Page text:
By: Will Burchfield
Sizing up the Tigers ahead of the 2017 season, one thing seems pretty clear.
If the starting rotation meets its potential, this team will win plenty of games. The offense looks poised to score – and score and score and score – while the bullpen will likely be the same below-average unit it was last year. Considering those constants, the one force that could really move the needle this year is the rotation.
But let’s rewind for a moment.
In 2016, Detroit’s starting pitchers posted average-to-above-average numbers across the board. They finished seventh in the American League in wins (56), fifth in ERA (4.25), tied for fifth in batting average against (.260) and tied for fourth in WHIP (1.30). That was in spite of the injury woes of Jordan Zimmermann and Daniel Norris, the condensed season of Michael Fulmer, the white-knuckle routine of Mike Pelfrey and the recurring implosion of Anibal Sanchez.
All things considered, it’s a minor miracle the rotation fared as well as it did.
The outlook brightens in the present.
In 2017, the Tigers can count on a healthy Zimmermann and a healthy Norris, a full season from Fulmer and, in all likelihood, the dismissal of Pelfrey and Sanchez to the bullpen. Oh, and Justin Verlander. They can always count on Justin Verlander.
So let’s map out the Tigers’ rotation, one through five, and gauge the starters’ collective ceiling.
1. Justin Verlander
Not much to say here. After a dip in his performance a few years ago, Verlander has been at the top of his game since August of 2015. He was flat-out dominant last season, leading the lead in strikeouts (254) and WHIP (1.001), and came within a few votes of his second Cy Young award. His only deficiency was in the wins department – he finished with just 16 – something that should fix itself in 2017 if Verlander picks up where he left off.
Win projection: 18
2. Michael Fulmer
Fulmer didn’t make his big-league debut last season until late April and didn’t start making a real impact until late May. From there, of course, he took off into orbit, but it could be said the Tigers went two months without one of the best pitchers in baseball. Then, toward the end of the season, they had to scale back his usage to protect his arm. That won’t be the case this year, with Detroit set to unleash the Rookie of the Year in April and keep the reins off from start to finish.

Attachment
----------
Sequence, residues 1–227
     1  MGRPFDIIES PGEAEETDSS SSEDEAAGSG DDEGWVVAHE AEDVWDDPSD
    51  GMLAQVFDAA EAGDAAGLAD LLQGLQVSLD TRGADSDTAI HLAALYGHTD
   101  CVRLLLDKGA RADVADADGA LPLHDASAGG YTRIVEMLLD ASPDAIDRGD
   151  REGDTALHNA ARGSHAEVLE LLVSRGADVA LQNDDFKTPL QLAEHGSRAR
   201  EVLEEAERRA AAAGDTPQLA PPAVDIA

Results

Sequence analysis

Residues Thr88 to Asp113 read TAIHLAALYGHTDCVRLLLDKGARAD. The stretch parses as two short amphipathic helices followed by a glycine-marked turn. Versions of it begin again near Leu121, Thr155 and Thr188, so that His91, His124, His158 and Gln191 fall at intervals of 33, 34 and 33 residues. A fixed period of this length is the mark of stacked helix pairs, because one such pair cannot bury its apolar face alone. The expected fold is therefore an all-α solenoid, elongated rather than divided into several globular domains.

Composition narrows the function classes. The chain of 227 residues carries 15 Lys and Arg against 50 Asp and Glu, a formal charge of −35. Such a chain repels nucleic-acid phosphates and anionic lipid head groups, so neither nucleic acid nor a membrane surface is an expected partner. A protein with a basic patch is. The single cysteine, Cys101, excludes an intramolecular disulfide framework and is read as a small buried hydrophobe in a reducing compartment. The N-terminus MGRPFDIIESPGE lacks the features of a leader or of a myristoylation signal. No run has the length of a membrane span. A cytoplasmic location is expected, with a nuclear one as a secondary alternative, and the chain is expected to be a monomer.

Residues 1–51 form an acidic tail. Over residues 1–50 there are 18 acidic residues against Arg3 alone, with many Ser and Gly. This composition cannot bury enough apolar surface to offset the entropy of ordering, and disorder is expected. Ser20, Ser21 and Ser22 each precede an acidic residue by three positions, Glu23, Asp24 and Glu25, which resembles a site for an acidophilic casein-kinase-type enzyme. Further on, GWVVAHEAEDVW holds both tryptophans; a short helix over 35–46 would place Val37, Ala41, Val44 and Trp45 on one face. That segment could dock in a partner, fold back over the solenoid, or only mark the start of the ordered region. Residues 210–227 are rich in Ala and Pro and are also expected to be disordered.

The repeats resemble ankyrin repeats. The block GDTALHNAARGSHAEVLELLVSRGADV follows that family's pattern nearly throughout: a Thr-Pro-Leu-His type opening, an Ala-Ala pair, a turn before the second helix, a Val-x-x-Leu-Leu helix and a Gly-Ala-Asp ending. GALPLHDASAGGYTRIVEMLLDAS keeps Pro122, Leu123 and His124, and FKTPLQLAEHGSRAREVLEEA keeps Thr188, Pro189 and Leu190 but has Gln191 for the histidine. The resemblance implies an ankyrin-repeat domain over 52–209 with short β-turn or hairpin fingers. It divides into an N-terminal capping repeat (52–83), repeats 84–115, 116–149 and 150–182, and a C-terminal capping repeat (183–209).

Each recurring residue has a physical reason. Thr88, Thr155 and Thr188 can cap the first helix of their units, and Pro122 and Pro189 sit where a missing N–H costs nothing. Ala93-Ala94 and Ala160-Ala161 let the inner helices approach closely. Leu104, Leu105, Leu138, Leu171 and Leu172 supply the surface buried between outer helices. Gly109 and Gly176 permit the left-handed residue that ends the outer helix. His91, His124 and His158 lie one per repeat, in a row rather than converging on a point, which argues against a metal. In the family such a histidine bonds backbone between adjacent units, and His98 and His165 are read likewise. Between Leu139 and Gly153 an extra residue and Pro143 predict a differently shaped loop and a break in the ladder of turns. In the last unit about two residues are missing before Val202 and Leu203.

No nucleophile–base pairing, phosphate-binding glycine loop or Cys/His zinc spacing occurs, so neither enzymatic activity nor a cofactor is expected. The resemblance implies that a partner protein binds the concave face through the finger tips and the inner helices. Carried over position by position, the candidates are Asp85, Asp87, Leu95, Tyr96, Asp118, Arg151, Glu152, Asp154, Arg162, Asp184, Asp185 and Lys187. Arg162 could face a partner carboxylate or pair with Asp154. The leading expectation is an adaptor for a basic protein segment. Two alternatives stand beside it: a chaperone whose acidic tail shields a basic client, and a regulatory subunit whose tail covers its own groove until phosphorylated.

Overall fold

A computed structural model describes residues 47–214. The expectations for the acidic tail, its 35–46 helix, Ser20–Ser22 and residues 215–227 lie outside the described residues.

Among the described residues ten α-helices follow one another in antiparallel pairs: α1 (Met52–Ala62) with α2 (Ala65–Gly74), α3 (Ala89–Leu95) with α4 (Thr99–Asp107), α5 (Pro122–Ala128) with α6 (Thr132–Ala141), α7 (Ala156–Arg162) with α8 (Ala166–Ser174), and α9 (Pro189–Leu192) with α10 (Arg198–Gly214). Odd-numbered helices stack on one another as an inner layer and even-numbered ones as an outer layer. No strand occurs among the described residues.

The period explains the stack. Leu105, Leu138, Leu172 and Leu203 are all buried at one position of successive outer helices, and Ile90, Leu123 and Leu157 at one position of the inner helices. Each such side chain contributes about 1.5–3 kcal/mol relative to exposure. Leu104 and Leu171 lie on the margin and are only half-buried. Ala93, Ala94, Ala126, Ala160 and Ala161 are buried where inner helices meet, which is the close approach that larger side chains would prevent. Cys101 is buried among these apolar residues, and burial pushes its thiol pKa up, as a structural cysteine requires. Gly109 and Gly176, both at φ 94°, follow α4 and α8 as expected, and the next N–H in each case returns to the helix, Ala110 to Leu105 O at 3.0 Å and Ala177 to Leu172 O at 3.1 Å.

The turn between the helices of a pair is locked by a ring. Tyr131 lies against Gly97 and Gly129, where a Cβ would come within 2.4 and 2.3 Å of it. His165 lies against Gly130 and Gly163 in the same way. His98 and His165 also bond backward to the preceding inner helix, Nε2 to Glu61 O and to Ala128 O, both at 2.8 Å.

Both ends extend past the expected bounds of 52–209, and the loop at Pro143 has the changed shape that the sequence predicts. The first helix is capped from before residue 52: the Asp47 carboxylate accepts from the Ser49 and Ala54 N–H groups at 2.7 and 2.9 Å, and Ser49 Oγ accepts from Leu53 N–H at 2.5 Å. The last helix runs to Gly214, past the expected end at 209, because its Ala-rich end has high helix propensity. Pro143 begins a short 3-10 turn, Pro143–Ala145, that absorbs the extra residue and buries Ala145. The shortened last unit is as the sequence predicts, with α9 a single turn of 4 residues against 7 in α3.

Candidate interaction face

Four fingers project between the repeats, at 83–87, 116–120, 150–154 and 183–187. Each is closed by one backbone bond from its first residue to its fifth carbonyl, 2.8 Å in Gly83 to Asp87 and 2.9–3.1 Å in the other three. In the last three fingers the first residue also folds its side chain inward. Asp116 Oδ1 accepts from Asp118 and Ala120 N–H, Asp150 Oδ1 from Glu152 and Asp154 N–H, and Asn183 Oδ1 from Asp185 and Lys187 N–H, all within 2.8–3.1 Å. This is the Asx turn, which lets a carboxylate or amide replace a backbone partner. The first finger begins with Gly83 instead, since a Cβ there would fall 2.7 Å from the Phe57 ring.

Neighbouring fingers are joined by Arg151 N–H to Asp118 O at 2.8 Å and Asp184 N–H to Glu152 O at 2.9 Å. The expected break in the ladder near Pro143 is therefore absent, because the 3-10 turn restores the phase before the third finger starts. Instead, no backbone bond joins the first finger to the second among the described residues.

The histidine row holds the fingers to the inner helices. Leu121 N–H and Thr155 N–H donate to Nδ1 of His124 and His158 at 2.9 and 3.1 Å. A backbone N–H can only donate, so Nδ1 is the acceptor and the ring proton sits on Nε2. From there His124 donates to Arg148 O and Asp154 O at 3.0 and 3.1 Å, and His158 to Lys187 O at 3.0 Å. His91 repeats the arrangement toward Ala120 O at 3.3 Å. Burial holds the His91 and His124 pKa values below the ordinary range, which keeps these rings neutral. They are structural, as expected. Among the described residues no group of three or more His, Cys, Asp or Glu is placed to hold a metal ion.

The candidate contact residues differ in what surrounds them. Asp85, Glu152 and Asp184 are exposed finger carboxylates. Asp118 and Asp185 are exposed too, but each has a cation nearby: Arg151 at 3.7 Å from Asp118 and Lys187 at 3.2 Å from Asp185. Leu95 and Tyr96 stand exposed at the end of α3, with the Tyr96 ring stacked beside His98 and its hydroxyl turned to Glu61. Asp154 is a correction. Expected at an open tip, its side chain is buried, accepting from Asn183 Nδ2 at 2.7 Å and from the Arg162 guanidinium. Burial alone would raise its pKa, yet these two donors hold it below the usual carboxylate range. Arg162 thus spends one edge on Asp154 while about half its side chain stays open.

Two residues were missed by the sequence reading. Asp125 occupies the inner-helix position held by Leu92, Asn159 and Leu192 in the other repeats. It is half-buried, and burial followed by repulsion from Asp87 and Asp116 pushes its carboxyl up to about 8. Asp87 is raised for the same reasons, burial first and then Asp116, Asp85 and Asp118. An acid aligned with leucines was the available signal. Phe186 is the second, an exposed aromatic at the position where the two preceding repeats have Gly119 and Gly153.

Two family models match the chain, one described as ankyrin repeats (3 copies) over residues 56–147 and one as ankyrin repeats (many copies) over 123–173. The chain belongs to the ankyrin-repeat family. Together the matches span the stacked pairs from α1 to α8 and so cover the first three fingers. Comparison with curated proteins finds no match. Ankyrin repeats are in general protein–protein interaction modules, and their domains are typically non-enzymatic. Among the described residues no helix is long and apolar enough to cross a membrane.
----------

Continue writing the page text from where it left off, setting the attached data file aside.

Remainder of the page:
Win projection: 16
3. Jordan Zimmermann
The Tigers’ $110 million acquisition got off to a scorching start last season, but it was all downhill from there. He tapered off in May and June, landed on the D.L. in July and never recovered his form when he returned. But an offseason spent rehabilitating the neck and groin injuries that plagued him in the second half of 2016 has Zimmermann on firm ground heading into the 2017 campaign. Expect the 30-year-old to pitch more like the guy who won 64 games and had a 3.14 ERA in the five seasons before he signed in Detroit.
Win projection: 14
4. Daniel Norris
As GM Al Avila said last month, the Tigers were counting on Norris to be in their rotation at the start of last season. A back injury in Spring Training derailed those plans, the first of many setbacks for the hard-throwing lefty. He finally got healthy in August and posted a 3.04 ERA over his final 10 starts, crediting a change in his perspective for his late-season surge. Norris’ talent is undeniable. If he can stay healthy and keep things simple, he stands to have a breakout year.
Win projection: 13
5. Matt Boyd
In a rotation dominated by hard throwers, Boyd is the changeup. He’s also a bit of a question mark given his erratic performance in 2016. But the 26-year-old has shown enough positives over two MLB seasons to suggest he can be a reliable back-of-the-rotation starter. Assuming he beats out Sanchez and Pelfrey in Spring Training for the fifth spot, Boyd can provide the Tigers exactly what they need.
Win projection: 10
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All told, that’s 71 wins from the Tigers’ rotation, a potential 15-win increase from last season. That might seem excessive, but remember: of the five pitchers listed above, only one pitched a full slate of games in 2016. After Verlander, who made 34 starts, Fulmer made 26, Zimmermann and Boyd made 18, and Norris made 13. Using 30 starts as the league average, that’s 43 starts that fell by the wayside — and mostly into the shaky hands of Pelfrey and Sanchez.
Plug in full seasons for Fulmer, Zimmermann, Norris and Boyd, and an average of about 10 additional starts for each pitcher, and suddenly that 15-win increase doesn’t seem so extreme. Yes, that’s predicated on perfect health and consistent performance – uncertain propositions for the latter three players – but we’re talking about a ceiling here.
The Tigers know what to expect out of their offense and their bullpen. Their rotation is the X-factor. Sizing it from top to bottom, it has all the potential to make a big difference.